ULI’s 2018 Urban Open Space Award winners announced

Two urban parks — Levy Park in Houston, Texas, and Madrid Río Park in Madrid, Spain — have been selected as winners of this year’s Urban Land Institute (ULI) Urban Open Space Award. The award recognizes outstanding examples of successful large- and small-scale public spaces that have socially enriched and revitalized the economy of their surrounding communities. The competition includes a cash prize that goes to the organizations responsible for the maintenance and upkeep of the winning park spaces.

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“A Bridge Home” project to assist transition to long-term housing in Los Angeles

ULI held intensive charrettes with three architecture firms (DLR Group, Studio One Eleven and JFAK Architects) and with three landscape architecture firms (EPT Design, Relm and SWA).  The teams focused on solving three site challenges: a 50-bed site; a 100-bed site; and a 150-bed site. In addition, ULI Los Angeles is collaborating with CBRE and Gensler to identify sites for the 50/100/150 bed needs and a list of all sites in each City Council district which are owned by the Federal, State, County or City governments. ULI will then work with the City Council members (at their request) to determine the best sites in their districts.

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Soaring Growth of Urban Neighborhoods Shows Transformation into Highly Diverse, Distinct Areas Says New Urban Land Institute Report

“Our cities are evolving into places that are more diverse and more interesting than ever, with a mix of neighborhoods defined by distinct characteristics that are drawing different residents and workers for different reasons,” said ULI Terwilliger Center Founder and Chairman J. Ronald Terwilliger. “There are very few urban areas in which housing is not mixed in or very close to commercial uses. This has significant implications for development going forward – particularly affordable housing — in terms of building cities that are livable and attainable to people in a broad income range.”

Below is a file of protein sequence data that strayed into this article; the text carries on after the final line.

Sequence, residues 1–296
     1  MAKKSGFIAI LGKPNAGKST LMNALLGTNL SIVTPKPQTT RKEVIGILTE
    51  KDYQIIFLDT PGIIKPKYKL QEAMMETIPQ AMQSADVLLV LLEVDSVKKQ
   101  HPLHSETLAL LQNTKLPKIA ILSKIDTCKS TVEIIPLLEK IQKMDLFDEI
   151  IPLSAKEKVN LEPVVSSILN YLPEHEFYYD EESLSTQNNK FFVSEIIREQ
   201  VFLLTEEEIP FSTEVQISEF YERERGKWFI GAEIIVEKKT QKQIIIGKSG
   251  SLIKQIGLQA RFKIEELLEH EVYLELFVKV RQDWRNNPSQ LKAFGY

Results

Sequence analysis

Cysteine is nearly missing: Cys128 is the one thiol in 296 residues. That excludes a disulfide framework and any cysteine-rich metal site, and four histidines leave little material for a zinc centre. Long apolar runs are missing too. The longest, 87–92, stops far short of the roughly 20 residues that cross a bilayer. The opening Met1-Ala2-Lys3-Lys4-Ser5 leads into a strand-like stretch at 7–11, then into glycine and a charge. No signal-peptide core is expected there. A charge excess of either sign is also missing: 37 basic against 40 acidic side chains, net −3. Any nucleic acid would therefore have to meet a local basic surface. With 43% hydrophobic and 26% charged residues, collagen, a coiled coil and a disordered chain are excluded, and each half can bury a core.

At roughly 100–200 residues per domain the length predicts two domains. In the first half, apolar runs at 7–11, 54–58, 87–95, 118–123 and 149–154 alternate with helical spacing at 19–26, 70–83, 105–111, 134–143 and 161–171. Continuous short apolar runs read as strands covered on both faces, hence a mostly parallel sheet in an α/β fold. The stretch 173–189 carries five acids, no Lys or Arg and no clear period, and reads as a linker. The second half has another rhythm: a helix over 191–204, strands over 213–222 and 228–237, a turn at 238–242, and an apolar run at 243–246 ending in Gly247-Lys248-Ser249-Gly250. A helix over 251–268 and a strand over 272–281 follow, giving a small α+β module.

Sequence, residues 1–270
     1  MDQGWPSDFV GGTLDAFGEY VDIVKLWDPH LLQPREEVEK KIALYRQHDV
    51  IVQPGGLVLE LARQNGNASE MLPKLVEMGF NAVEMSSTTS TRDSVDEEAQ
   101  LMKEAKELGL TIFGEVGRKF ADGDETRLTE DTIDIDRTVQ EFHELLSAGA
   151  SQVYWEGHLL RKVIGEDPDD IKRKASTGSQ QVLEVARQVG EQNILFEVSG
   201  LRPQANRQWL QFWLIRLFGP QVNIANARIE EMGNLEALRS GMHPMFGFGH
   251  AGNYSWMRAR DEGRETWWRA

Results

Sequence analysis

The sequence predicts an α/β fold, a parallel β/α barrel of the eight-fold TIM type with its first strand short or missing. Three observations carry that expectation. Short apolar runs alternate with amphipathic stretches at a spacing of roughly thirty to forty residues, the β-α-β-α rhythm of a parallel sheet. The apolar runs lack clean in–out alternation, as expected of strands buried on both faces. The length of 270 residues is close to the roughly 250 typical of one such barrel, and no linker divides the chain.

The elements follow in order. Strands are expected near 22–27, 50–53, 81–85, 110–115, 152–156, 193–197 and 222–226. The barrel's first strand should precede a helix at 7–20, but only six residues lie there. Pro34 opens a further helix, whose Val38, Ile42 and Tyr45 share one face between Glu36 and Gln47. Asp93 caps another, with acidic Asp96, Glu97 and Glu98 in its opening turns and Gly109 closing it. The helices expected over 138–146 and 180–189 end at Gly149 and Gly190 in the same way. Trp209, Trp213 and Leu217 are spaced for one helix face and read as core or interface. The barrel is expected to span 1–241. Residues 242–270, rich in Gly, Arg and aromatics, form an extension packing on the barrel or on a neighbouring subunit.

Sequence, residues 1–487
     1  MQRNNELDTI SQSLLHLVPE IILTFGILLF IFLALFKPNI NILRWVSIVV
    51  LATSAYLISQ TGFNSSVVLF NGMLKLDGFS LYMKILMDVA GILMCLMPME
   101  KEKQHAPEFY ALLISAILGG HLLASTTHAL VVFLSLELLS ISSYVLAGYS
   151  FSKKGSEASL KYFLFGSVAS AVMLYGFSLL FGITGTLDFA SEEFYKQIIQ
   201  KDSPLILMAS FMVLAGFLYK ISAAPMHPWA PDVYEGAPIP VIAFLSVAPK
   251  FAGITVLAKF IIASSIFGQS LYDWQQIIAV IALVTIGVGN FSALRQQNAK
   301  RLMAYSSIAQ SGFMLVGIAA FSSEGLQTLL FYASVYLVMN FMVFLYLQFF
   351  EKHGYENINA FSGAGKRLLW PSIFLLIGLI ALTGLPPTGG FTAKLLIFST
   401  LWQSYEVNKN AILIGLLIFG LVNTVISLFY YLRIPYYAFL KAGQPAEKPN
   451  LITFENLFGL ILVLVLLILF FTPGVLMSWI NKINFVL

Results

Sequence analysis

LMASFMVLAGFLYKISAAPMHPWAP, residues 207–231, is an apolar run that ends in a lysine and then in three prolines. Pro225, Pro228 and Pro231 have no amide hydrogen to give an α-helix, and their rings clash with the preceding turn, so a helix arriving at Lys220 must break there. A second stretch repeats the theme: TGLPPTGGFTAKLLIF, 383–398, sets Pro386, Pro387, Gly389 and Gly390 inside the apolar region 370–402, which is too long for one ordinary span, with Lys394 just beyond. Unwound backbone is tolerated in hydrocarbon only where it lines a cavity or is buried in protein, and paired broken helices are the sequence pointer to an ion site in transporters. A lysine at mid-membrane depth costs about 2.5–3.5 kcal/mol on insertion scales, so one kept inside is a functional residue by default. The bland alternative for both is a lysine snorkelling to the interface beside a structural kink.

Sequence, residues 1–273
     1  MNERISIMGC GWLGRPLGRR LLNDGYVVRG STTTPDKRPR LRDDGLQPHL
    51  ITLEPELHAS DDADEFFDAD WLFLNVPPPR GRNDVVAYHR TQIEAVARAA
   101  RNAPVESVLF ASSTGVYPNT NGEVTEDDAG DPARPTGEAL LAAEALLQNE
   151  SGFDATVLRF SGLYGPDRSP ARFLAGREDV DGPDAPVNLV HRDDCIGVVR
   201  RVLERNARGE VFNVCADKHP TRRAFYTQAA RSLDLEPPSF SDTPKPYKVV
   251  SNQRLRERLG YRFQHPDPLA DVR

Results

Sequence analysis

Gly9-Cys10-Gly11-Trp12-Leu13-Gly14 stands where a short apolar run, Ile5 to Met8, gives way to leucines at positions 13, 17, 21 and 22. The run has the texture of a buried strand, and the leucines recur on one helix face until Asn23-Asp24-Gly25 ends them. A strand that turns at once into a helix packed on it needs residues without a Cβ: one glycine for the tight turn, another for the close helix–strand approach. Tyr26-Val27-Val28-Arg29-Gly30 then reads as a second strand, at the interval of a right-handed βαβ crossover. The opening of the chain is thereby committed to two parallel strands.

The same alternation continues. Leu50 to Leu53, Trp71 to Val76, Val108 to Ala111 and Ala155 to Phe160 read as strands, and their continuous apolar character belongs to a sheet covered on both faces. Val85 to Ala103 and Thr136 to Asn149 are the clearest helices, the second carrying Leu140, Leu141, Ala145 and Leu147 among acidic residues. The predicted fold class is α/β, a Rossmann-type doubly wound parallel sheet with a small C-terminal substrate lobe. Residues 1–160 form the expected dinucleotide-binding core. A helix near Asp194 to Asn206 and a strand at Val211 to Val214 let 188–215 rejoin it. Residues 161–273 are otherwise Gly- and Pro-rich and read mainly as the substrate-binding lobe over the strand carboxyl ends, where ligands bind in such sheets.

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Guide to Green Building – Product of the Week

The JEB 3Seal HM+ spacer offers significant aesthetic and energy-efficient advantages. The high-modulus silicone secondary seal minimizes PIB migration, providing clear, straight sightlines. It also offers 35 percent higher design strength, allowing for a narrower air cavity in an IGU, and 10.4 percent more argon gas retention than standard sealants, based on ASTM 2190 testing. An IGU incorporating the JEB 3Seal HM+ spacer will retain its argon gas longer over other insulating glass systems, maximizing energy savings and extending the units service life.

The JEB 3Seal HM+ spacer offers significant aesthetic and energy-efficient advantages. The high-modulus silicone secondary seal minimizes PIB migration, providing clear, straight sightlines. It also offers 35 percent higher design strength, allowing for a narrower air cavity in an IGU, and 10.4 percent more argon gas retention than standard sealants, based on ASTM 2190 testing. An IGU incorporating the JEB 3Seal HM+ spacer will retain its argon gas longer over other insulating glass systems, maximizing energy savings and extending the units service life.

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August September 2017 online edition of PRISM

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